Journey to the Outback

Hire car agencies (reads: rental car) around the world seem to have many of the same attributes. Picking up a hire car was a bit more interesting than getting one in the U.S. – the usual push to get you to buy the extra insurance – the scare tactics of a kangaroo jumping out in front of the car! Scarier is that the driver is on the right side of the car, and you drive on the left side of the road – left, LEFT! Fortunately, the gas and break pedals are in the right places – everything else is reversed. The turn signal (at home) is the windshield wiper here…. Can’t tell you how many times we’ve washed the windows over the last couple of days!!

The Great Inland Way traverses nearly 2,000 miles of the Australian continent between Sydney and Cairns. It consists of four lane city highways (Sydney), four lane rolling hills and agricultural land (to Katoomba), and two lane plains – flat as far as you can see (Dubbo) – with barely a shoulder.

Unfortunately, much of the route is littered with the bodies of an unbelievable number of dead kangaroos. There are warnings in every map, brochure, and signs – just about everywhere telling drivers to watch for Roos if driving during the early morning or late evening. Some areas are worse than others, and it seems like the dryer the area the greater the carnage. We have spoken with a number of people that are sympathetic with the situation and an equal number that are not. The posted speed limit in the outback is 100 – 110 KPH. (62 – 68 MPH). People traveling at night slow to 40 KPH to avoid hitting a roo and we’ve heard stories of trips taking two or three times the normal travel time.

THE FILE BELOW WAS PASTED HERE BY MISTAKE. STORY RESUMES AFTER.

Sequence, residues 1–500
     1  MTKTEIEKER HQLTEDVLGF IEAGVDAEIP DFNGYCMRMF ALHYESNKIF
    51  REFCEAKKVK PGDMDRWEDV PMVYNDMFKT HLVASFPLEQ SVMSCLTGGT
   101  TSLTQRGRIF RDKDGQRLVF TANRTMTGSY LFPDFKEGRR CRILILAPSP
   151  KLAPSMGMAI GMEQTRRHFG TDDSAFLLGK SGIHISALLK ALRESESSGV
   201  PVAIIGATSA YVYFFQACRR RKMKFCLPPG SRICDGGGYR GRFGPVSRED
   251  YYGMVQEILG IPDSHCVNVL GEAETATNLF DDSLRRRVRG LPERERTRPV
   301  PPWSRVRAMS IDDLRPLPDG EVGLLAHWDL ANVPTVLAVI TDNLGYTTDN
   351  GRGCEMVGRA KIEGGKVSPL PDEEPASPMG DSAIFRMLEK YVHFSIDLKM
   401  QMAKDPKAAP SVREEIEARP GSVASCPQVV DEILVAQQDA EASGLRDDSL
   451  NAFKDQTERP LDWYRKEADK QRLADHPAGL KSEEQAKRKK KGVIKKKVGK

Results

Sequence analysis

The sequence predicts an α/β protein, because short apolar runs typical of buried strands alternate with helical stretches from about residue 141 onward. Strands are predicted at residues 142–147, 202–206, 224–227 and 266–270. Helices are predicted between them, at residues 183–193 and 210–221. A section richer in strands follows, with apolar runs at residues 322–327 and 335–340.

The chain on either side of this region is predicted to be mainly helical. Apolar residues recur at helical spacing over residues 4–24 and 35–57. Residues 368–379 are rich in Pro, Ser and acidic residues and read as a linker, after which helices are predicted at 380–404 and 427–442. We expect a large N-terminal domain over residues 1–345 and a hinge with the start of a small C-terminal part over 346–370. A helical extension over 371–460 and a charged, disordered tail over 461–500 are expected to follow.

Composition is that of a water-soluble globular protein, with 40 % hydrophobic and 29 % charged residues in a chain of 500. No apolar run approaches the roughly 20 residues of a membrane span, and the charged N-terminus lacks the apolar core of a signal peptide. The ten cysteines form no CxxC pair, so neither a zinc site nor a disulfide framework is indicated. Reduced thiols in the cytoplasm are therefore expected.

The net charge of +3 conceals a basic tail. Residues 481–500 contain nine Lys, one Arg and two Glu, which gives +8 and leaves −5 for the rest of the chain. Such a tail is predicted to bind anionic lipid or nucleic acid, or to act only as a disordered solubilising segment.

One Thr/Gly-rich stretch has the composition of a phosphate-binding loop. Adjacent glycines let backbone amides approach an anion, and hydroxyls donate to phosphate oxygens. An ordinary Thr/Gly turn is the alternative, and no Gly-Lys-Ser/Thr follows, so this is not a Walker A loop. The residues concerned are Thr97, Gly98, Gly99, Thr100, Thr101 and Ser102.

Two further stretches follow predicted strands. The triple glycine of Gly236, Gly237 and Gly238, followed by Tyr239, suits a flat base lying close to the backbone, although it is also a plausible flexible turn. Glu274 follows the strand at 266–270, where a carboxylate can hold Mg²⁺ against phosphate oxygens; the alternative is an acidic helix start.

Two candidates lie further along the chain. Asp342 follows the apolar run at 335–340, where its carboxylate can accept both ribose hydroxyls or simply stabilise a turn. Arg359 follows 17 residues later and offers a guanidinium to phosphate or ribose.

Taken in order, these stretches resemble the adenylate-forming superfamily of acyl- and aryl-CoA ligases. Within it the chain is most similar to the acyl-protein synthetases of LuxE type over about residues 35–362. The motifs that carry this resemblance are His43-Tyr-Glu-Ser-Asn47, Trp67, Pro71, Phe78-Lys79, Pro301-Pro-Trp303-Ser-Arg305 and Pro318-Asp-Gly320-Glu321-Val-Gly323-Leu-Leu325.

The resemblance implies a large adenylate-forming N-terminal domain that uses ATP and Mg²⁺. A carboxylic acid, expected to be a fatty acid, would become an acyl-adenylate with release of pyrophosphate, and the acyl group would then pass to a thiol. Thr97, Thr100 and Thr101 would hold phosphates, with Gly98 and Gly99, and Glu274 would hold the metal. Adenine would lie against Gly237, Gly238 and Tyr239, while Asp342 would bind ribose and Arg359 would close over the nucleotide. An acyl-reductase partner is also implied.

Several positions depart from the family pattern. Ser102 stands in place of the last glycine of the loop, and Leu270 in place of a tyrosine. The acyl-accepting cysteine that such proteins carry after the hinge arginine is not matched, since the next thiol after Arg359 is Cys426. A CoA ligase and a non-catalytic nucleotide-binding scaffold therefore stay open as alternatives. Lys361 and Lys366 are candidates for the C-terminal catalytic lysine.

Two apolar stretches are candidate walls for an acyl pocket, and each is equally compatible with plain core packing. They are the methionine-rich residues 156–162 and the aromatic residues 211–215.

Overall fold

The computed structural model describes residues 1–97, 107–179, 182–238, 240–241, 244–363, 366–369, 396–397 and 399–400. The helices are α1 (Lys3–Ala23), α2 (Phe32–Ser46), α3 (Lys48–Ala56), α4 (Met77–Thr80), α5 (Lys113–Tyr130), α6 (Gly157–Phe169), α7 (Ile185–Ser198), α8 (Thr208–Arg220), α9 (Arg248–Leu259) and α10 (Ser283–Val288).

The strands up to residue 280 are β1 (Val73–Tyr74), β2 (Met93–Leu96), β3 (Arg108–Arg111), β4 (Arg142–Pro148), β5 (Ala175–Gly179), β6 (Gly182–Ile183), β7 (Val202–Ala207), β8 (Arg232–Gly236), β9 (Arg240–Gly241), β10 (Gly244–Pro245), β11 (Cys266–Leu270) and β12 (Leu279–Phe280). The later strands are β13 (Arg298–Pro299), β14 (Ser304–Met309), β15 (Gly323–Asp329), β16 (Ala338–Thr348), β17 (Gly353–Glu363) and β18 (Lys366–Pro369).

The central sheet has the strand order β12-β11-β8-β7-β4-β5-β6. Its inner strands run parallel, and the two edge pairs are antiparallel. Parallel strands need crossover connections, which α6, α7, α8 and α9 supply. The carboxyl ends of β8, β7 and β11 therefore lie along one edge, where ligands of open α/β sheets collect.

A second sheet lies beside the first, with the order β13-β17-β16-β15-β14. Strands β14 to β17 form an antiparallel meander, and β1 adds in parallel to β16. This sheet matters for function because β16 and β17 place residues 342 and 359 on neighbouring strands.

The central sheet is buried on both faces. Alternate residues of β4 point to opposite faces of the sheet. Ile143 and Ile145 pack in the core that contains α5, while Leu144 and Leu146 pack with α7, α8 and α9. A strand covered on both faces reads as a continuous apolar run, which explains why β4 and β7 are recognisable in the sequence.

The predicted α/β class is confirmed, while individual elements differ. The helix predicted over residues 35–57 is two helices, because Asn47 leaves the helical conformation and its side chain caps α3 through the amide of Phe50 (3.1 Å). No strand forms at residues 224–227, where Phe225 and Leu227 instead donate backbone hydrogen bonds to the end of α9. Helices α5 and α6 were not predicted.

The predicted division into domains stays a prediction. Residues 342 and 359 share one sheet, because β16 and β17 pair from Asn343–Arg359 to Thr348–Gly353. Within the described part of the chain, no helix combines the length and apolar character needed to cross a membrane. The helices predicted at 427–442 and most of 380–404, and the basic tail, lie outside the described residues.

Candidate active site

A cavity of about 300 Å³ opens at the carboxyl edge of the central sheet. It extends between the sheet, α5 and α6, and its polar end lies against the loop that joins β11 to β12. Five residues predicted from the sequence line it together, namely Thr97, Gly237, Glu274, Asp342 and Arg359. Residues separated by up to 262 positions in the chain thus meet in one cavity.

The country is full of unique Australian wildlife. In addition to the many birds that we have seen, we have been fortunate to see a few Roos, several flocks of emus, and even a large herd of camels! Yes, camels – they were imported to Australia for construction use in the outback.

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About rkcaton

We are full-time RVrs living in a 40 foot Monaco Diplomat motorhome and touring North America.
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One Response to Journey to the Outback

  1. Bonnie says:

    What an interesting story – no one ever talks about how many kangaroos get hit by cars. I thought the kangaroo was sort of there in Australia, in zoos and parks and whatnot – but I didn’t know it was so present and in such danger of being smashed.Thanks for the anecdote, guys.

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